Lawmakers voiced bipartisan support Oct. 29 for the Obama administration’s strategic pivot to Asia but stressed the need for partner nations to strengthen their military capabilities and contribute more to their own defense.
Members of the House Armed Services Committee plan to step up scrutiny of U.S. military policy in the fast-growing region, where despite budget pressure, Washington wants to increase its presence as it draws down forces in Afghanistan.
Lawmakers said they plan a wide-ranging examination of U.S. force deployments and how to optimize security relationships. They plan a series of five hearings between now and early 2014, mostly focused on the growing military power of China. Topics will include its capabilities in space, the modernization of its navy and air force, and maritime disputes.
The lawmakers said part of the committee’s intent is to explain to congressional colleagues and the American public about the strategic importance of the U.S. remaining engaged in the Asia-Pacific, where it has been the dominant force since World War II. Some in Asia, however, are voicing doubts about Washington’s staying power in the region as it grapples with political divisions at home and crises in the Mideast.
“The biggest thing for us is presence. If we have presence there it’s the greatest stability you can have in that region,” said Rep. Randy Forbes, R-Va., one of six lawmakers briefing reporters on the upcoming hearings.
Rep. Adam Smith, D-Wash., said the committee would look at how the U.S. can guarantee its alliance commitments with nations like South Korea and Japan, while building on its many other relationships in the region.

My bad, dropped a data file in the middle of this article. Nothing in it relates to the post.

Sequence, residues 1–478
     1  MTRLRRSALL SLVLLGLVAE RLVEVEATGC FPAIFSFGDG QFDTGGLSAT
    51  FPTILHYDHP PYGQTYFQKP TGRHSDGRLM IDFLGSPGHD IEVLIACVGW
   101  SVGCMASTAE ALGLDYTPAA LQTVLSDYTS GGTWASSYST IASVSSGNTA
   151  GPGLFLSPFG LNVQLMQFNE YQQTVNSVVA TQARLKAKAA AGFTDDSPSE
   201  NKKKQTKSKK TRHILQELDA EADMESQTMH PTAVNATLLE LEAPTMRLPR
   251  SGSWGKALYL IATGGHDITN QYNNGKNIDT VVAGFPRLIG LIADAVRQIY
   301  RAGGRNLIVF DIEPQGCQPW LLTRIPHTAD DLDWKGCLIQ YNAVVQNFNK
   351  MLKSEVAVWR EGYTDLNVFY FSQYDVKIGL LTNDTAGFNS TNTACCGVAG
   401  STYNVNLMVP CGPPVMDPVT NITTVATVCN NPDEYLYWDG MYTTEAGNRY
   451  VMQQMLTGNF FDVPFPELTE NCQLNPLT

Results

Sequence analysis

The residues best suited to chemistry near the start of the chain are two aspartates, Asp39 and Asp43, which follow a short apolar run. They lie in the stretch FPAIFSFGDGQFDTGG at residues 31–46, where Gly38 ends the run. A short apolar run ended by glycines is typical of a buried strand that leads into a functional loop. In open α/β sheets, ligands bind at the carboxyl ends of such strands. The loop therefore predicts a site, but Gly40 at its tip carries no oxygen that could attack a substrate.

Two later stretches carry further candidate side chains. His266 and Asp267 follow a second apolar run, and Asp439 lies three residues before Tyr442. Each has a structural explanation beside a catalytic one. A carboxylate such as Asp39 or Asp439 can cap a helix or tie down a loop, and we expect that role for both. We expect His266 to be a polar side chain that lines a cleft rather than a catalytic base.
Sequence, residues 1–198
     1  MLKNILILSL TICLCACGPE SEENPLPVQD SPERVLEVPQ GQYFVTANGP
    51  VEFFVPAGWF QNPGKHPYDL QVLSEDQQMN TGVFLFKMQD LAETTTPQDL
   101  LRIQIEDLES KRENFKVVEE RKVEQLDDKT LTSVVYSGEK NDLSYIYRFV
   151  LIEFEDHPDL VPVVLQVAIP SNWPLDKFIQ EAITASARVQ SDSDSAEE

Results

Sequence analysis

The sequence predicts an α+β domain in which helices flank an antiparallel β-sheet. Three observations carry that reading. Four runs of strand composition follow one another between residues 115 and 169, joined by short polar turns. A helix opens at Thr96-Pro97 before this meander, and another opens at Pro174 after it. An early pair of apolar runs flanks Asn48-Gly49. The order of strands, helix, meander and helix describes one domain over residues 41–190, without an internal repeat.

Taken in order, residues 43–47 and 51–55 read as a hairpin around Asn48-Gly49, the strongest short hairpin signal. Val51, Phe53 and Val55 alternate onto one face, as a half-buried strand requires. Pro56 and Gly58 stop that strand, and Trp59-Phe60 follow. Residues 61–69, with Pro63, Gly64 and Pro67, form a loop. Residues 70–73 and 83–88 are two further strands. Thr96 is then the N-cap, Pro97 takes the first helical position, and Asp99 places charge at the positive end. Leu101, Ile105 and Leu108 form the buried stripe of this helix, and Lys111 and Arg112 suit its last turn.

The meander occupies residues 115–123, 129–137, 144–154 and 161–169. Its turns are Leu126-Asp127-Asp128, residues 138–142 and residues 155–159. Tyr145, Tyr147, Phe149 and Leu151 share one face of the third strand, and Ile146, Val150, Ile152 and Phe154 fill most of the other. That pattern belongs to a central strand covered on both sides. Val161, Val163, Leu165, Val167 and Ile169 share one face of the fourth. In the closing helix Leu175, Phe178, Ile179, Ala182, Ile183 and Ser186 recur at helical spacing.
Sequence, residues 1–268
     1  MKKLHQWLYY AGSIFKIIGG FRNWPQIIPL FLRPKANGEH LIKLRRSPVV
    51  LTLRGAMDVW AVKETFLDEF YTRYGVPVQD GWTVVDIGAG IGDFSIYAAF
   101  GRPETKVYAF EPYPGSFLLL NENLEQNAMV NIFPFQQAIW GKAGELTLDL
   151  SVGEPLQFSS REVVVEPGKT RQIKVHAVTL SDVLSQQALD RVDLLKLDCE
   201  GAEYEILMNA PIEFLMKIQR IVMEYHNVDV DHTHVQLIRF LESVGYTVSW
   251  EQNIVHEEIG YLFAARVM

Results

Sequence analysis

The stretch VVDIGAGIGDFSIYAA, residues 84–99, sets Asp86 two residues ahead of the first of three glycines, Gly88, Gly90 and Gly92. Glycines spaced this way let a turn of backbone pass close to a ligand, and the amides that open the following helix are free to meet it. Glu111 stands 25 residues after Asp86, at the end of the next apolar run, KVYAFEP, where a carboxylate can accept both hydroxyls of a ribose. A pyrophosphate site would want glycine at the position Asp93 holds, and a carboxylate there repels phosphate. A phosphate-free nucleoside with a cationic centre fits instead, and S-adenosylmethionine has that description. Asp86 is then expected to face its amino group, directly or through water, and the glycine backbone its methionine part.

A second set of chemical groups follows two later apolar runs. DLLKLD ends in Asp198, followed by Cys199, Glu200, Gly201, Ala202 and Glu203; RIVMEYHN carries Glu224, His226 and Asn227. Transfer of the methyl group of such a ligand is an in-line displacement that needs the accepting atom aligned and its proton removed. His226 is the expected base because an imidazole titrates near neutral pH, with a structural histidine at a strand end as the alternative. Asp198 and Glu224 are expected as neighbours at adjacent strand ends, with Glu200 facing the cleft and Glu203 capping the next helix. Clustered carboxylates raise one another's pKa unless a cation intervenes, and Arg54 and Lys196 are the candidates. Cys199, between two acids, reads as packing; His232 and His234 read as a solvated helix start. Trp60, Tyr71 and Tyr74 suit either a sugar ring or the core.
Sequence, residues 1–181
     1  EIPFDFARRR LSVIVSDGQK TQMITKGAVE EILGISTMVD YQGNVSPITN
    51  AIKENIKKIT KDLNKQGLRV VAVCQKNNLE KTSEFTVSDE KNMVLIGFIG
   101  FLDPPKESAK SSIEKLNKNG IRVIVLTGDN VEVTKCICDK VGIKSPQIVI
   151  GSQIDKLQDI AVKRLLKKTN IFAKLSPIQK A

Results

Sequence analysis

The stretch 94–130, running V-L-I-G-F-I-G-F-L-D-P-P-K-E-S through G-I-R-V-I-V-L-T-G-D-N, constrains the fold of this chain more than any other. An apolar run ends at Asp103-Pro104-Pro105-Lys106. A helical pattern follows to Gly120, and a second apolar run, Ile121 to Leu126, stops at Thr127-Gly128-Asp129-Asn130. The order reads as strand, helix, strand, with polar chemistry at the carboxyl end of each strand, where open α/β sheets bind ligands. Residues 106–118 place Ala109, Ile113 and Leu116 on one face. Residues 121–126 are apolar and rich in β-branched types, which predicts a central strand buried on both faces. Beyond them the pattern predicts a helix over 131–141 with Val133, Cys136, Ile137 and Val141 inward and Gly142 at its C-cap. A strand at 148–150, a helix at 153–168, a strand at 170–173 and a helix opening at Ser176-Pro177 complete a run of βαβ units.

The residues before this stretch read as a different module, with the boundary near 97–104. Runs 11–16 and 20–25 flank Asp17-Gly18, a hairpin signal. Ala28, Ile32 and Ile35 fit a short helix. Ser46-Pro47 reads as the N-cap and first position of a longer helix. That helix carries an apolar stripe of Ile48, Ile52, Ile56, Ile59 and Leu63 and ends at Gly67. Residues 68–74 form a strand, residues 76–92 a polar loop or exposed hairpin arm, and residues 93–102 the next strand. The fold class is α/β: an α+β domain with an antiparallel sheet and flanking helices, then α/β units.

“One of the keys to making this work is partner capacity,” he said, citing as an example U.S. counterinsurgency support for Philippine forces fighting Islamic rebels. “What other options are out there to build capacity in forces so it doesn’t all fall on us?”
But Smith also advocated cooperation with China, which views the U.S. pivot as an attempt to encircle and crimp its emerging power. Smith said China should be viewed as a partner that could work with the U.S. on issues including North Korea and the transition in Afghanistan.
Committee chair Howard McKeon, R-Cal., sounded less accommodating.
He supported a more active role for Japan’s military in response to assertive behavior by China. Japan has the region’s second strongest military after China but it remains constrained by its pacifist constitution.
“It’s incumbent upon us to do all we can to build up and strengthen our partners so they can bring more to the table when they are needed,” McKeon said.
That risks tension not just with China but South Korea. Both those nations nurse bitter memories of Japan’s wartime atrocities and colonialist expansion in the first half of the 20th century.
Rep. Colleen Hanabusa, D-Hawaii, said the U.S. needs to recognize that the historical conflicts between its allies like South Korea and Japan, often can’t be solved by Washington.
“They have got to, on their own, decide that this is either a conflict they can park on the side for a little or resolve,” she said. “We are not going to be able to resolve history.”